Harvard men’s hockey coach Ted Donato had a few interesting things to say after his squad’s 5-4 win over Boston University on Monday. However, one comment, more than the others, turned quite a few heads among media members who regularly cover the BU hockey team.
“They have a very good power play,” Donato said about the Terriers.
As one straight-faced media member said to another after the presser, “That’s the first time I’ve heard that this year.”
Truth is, the power play Donato saw from BU on Monday looked very different from the one that’s skated a man-up for most of the season.
The Terriers netted three goals on six chances, pelting Harvard goalie Ryan Carroll with 14 shots.
The performance was easily among the best for BU this season. The Terriers were an abysmal 0-for-6 on the man-up against University of Massachusetts-Amherst last week.
For the season, the Terriers had converted 17-of-146 chances (11.64 percent), good for second-to-last in Hockey East, and at times, it was tough to figure out how they’d even gotten those 17.
The power play has been a focal point in practices all season, according to BU coach Jack Parker, but it wasn’t until Monday’s game that the repetitions seemed to bring about any changes.
For most of the year, the Terriers were rigid in their positioning, settling for perimeter passes along the squad’s umbrella setup.
The Terriers continued to run from the umbrella formation Monday, but operated in a much more fluid manner from the set. Defensemen at the point would often skate deep into the zone, swapping positions with their forward counterparts and playing from the corners for large chunks of their shifts.
Among the most aggressive defenders was freshman Garrett Noonan, who, as Parker said in his post-game presser, may be the most effective blue-liner on the BU lineup card.
Noonan spent nearly an entire shift posted atop the Harvard crease during a power-play chance early in the second. Sophomore forward Alex Chiasson replaced him at the point for most of that time.
That power play didn’t result in a goal, but when BU got another chance midway through the second, Noonan again took on the power-forward role. This time, the freshman’s efforts paid off as classmate Charlie Coyle found Noonan open next to the goal post, where he had little trouble finishing.
Even more remarkable was the difference in BU’s shot selection –– namely, what they tried accomplishing when they put the puck toward net. For much of the season, when BU’s point men have tried to shoot, they’ve unleashed full-forced slap shots that have often been blocked by defenders.
On Monday, BU often opted for precision over power with softer wrist shots in the direction of teammates’ sticks. The result was fewer blocked shots immediately cleared from the zone, and more difficult saves for the opposing netminder.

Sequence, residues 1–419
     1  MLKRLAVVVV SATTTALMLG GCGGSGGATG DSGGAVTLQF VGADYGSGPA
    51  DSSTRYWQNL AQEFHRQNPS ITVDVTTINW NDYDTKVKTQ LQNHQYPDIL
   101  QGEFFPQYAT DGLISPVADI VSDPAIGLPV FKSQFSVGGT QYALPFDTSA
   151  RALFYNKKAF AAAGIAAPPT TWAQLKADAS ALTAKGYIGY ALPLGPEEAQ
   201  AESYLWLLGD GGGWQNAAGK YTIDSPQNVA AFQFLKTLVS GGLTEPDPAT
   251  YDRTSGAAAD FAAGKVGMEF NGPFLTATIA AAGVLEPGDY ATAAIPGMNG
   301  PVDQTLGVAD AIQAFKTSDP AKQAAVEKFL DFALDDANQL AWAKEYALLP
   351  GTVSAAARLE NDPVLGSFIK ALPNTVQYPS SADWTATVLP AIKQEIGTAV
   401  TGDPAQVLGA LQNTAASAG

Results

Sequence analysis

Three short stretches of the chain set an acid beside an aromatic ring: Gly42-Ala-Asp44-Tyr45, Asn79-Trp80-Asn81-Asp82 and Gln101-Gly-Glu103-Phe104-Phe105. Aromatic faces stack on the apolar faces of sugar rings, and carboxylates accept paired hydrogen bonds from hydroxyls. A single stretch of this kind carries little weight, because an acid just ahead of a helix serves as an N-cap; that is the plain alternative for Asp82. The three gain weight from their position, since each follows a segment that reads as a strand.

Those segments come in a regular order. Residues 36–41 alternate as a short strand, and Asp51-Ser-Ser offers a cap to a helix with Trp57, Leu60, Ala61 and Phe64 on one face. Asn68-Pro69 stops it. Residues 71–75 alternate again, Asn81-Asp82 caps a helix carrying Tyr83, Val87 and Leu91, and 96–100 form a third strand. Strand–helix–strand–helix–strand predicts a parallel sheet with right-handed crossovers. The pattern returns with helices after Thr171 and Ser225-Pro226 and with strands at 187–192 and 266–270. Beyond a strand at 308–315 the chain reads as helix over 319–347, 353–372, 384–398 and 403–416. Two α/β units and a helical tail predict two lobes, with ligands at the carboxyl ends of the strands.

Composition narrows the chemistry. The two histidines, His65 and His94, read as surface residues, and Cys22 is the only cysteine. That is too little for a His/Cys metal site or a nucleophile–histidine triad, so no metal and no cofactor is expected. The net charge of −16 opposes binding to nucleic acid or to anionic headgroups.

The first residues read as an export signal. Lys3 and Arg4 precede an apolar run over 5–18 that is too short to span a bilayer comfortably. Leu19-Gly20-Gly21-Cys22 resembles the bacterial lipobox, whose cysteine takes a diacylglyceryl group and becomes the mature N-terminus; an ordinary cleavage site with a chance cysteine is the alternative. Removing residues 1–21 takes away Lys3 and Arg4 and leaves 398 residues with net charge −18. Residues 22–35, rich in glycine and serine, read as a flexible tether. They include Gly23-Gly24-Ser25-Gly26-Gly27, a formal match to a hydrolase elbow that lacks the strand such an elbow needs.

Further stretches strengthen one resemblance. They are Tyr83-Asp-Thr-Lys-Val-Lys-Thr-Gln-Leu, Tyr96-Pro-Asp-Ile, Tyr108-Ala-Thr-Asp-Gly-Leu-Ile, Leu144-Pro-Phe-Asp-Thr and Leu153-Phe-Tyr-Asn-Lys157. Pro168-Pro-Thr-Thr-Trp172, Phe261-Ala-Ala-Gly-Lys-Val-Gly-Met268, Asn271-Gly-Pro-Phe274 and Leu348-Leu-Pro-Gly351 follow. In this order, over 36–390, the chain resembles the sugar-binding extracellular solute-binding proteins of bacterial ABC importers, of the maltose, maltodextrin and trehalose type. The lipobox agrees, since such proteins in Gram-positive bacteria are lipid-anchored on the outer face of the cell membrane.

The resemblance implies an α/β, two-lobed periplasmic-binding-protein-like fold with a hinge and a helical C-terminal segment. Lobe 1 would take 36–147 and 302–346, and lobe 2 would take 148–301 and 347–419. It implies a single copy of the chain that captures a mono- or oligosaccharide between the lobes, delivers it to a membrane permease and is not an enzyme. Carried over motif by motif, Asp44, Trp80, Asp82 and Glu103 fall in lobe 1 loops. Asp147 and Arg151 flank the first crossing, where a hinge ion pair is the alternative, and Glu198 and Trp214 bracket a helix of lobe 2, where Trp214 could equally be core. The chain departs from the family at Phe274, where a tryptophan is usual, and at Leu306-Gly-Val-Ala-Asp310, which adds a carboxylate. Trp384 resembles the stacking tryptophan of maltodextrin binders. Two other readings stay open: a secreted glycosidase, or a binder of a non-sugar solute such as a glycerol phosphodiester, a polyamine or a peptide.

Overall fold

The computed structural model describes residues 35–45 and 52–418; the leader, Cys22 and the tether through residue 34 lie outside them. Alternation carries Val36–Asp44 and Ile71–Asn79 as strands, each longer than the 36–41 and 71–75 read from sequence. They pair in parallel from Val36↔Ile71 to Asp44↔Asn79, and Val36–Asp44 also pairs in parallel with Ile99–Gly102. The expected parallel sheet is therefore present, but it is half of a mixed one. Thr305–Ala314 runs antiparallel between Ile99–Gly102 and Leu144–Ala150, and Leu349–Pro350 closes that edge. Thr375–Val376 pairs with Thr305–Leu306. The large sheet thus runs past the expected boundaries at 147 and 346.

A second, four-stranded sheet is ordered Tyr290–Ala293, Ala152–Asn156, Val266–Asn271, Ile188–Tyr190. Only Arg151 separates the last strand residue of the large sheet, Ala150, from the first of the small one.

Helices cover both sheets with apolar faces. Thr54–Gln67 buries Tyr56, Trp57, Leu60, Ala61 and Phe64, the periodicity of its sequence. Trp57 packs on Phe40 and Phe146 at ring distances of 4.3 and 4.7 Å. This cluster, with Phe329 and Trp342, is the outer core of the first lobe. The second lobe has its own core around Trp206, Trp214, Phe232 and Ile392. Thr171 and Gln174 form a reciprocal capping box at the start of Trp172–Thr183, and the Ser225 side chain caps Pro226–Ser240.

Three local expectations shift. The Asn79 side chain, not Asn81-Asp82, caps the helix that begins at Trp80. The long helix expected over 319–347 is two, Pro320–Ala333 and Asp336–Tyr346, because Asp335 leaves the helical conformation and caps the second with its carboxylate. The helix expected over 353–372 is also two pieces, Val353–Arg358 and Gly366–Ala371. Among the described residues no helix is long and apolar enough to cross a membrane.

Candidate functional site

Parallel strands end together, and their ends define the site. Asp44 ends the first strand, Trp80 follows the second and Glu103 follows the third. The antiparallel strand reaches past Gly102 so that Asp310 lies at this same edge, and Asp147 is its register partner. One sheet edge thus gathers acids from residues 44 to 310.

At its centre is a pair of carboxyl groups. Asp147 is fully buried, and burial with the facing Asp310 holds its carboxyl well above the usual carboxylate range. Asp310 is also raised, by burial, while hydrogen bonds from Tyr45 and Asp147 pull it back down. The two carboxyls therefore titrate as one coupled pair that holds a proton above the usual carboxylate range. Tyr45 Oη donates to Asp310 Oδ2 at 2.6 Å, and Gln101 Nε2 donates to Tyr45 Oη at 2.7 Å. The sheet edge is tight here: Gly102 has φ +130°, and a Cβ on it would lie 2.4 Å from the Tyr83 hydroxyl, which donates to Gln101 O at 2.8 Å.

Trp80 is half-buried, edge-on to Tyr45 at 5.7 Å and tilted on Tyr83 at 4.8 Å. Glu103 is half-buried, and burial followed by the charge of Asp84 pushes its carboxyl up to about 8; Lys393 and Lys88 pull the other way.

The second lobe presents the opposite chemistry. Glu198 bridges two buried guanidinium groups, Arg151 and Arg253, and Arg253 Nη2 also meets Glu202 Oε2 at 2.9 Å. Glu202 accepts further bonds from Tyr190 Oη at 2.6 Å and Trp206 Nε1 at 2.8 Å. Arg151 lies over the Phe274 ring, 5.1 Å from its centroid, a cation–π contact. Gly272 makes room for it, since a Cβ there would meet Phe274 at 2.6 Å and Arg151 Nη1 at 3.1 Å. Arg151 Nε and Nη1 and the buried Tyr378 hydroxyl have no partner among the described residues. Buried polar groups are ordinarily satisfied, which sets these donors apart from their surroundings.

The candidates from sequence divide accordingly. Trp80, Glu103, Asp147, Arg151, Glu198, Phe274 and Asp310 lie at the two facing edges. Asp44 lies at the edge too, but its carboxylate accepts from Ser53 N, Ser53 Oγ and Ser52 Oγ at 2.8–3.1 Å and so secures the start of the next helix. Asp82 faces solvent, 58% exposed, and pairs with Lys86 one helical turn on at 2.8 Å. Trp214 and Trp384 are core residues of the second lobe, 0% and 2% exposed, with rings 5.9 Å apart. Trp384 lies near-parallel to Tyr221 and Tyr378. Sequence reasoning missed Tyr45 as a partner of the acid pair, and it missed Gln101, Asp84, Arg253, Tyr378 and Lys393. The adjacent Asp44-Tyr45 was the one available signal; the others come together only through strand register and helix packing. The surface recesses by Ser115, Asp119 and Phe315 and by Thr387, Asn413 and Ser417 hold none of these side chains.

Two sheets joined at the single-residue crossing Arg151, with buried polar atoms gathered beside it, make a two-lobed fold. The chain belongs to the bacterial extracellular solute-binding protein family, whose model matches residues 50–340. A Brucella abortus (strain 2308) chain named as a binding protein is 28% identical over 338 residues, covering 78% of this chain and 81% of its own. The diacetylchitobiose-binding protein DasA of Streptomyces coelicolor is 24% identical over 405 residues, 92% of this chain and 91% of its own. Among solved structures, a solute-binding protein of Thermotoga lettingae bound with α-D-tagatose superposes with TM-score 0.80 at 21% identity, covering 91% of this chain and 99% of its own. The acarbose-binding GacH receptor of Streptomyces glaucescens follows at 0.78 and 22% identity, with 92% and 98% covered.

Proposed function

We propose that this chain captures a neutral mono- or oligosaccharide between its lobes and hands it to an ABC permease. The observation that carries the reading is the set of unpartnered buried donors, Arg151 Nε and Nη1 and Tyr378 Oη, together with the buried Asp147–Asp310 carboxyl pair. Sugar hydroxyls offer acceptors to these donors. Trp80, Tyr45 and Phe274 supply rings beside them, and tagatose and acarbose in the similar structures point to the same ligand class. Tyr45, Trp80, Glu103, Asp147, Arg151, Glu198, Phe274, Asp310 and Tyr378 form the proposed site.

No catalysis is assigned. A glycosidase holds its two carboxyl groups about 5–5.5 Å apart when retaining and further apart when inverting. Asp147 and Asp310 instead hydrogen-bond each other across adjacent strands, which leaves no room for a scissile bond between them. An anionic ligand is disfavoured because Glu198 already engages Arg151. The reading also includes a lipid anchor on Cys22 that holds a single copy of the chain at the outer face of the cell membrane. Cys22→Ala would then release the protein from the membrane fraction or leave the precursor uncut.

Of course, it’s worth noting that BU was playing Harvard. It doesn’t take an Ivy League scholar to point out the Crimson’s 5-18-1 record and 80.4-percent penalty-kill rate are fairly unimpressive.
Still, the power-play performance – and particularly the improved process –– are among the few positives to take from Monday’s loss for the Terriers.
The consolation-game defeat has left the Terriers’ tournament hopes in dire straits. A few more 3-for-6 power-play showings might go a long way toward fixing the situation, though.
A little inspiration
Wins may be sparse over in Cambridge these days for the Harvard hockey team, but perspective isn’t.
Earlier in the season, the team “adopted” 12-year-old Nathan Potvin as an honorary team member, and the middle-schooler has since been a constant presence around the squad.
At age five, Potvin was diagnosed with a spinal cord tumor, but after a series of procedures, the disease went into remission.
Seven years later, the tumors returned, and now Potvin is in the middle of a rigorous 15-month stretch of chemotherapy treatment.
The Friends of Jaclyn foundation put Potvin ––a youth-league hockey player –– in touch with the Harvard hockey team. The 12-year-old has his own spot in the Crimson locker room, and last Friday, skated onto the ice for pregame introductions along with the varsity squad.
“I will say that we’ve enjoyed every second we’ve had Nathan with us,” Donato said. “He’s a great kid. He’s really been a tremendous role model for us in the fact that he’s so courageously fighting cancer.
“His persevering through what is an incredibly difficult time, it lends a lot of perspective to our group.”
Brown receives standing ovation
Matt Brown, the Norwood teenager paralyzed after breaking two cervical vertebrae in a high school hockey game last winter, received a lengthy standing ovation from the sold-out TD Garden crowd Monday when the arena Jumbotron showed him in his luxury box.
Despite being in the middle of one of the most exciting Beanpot finales ever, even the players took a moment to recognize Brown, tapping their sticks on the ice and the boards as a sign of acknowledgment.